A 40-year-old Bradley County woman, missing for the past few days, was found dead in her home Tuesday night.
Authorities have issued a warrant for the woman’s husband of less than two months, 41-year-old David Keith Daugherty, charging him with murder.
Elizabeth Carney was reported missing Tuesday, said Bradley County Sheriff’s Office spokesman Bob Gault. Before deputies arrived at her trailer at 1235 Sixth St. NE, family members found her body, he said.
Officers are looking for Daugherty, last seen driving a 1995 Mercury Villager van with a Tennessee license plate reading “373-TLP,” Gault said.
Daugherty has had several run-ins with the law, including pleading guilty to killing a used-car dealer in 1990, court records show. The length of his sentence was unclear.
By 1999, however, he was out of jail and convicted again, this time for aggravated burglary, theft and aggravated robbery, records show, and he was sentenced to 16 years.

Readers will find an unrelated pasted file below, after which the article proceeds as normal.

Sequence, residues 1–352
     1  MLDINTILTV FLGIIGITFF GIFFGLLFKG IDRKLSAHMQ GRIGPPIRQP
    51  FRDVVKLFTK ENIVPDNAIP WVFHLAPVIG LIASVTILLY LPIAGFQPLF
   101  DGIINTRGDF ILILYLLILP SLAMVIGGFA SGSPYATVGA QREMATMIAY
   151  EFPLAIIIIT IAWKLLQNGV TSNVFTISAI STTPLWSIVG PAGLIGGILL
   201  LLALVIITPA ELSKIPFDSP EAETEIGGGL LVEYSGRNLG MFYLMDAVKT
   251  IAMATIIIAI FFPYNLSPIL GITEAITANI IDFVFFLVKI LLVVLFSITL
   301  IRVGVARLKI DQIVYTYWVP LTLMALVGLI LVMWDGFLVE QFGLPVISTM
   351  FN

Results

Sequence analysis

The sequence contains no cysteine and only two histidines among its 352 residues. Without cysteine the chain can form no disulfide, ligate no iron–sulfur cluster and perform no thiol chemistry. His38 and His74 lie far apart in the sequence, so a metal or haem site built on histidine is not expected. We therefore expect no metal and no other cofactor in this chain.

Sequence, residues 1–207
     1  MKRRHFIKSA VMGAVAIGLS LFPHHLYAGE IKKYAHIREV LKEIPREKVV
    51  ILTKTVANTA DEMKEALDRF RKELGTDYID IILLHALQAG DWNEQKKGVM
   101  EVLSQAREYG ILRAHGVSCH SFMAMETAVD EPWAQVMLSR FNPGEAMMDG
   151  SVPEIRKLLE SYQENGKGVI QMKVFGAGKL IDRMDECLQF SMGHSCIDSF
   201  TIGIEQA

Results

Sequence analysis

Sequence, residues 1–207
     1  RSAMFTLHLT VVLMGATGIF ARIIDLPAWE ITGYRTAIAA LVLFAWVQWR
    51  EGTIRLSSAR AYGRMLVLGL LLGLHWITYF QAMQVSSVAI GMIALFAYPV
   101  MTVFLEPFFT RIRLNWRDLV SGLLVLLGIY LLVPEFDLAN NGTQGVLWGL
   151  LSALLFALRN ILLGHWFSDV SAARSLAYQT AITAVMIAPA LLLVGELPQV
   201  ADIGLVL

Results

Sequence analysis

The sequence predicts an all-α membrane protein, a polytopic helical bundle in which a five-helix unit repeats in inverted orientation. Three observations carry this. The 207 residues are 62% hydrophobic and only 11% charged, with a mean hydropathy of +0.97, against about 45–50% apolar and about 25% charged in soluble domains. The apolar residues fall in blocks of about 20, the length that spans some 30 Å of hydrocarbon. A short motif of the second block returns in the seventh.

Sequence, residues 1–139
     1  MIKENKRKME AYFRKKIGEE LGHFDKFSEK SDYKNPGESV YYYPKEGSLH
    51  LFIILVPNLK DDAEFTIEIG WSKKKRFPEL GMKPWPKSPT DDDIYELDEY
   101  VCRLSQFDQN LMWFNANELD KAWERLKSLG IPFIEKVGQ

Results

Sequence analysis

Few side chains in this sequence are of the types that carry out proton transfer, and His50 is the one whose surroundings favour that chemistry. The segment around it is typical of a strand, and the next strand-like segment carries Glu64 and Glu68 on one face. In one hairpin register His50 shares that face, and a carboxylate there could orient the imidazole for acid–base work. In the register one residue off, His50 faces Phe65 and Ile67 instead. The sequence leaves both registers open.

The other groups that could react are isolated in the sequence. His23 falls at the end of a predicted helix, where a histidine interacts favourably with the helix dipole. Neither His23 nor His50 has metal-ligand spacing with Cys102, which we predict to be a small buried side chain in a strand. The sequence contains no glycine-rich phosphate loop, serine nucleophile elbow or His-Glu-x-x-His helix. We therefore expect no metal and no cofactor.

On New Years Day 2011, he was arrested, Gault said, on a drunken-driving charge.
On Wednesday, a neighbor of Carney’s said she spoke to her only a couple of times, including on the Fourth of July when Carney was grilling and talked about two pit bulls she raised since they were pups.
“She said they were her best protection,” said Misty Keith, 34, who lived next door to Carney, shaking her head over Carney’s death.
Keith’s trailer sits close to Carney’s, but she said she never heard any screams or sounds of a struggle from her neighbor’s home.
“That’s what surprised us. We didn’t hear anything,” she said, standing at her doorway near where reserve deputies watched the crime scene, marked off by yellow crime tape.
Daugherty had told neighbors he spent time in prison, saying he stole cars, Keith said. He told them he recently had been released from prison, she said.
“He said, ‘I’m not a bad person,’” recalled Keith, who said he carried around a black duffle bag and wore blue nail polish on his toes.
Andrew Pantazi is an intern at the Chattanooga Times Free Press who says that when he was 7 he knew what he wanted to do for the rest of his life: play hockey for the Colorado Avalanche. Unfortunately, he says he wasn't any good at hockey, so he became a journalist instead. He writes about the lives we hide, like the man who suffered a stroke but smiled, or the football walk-on who endured 5 ...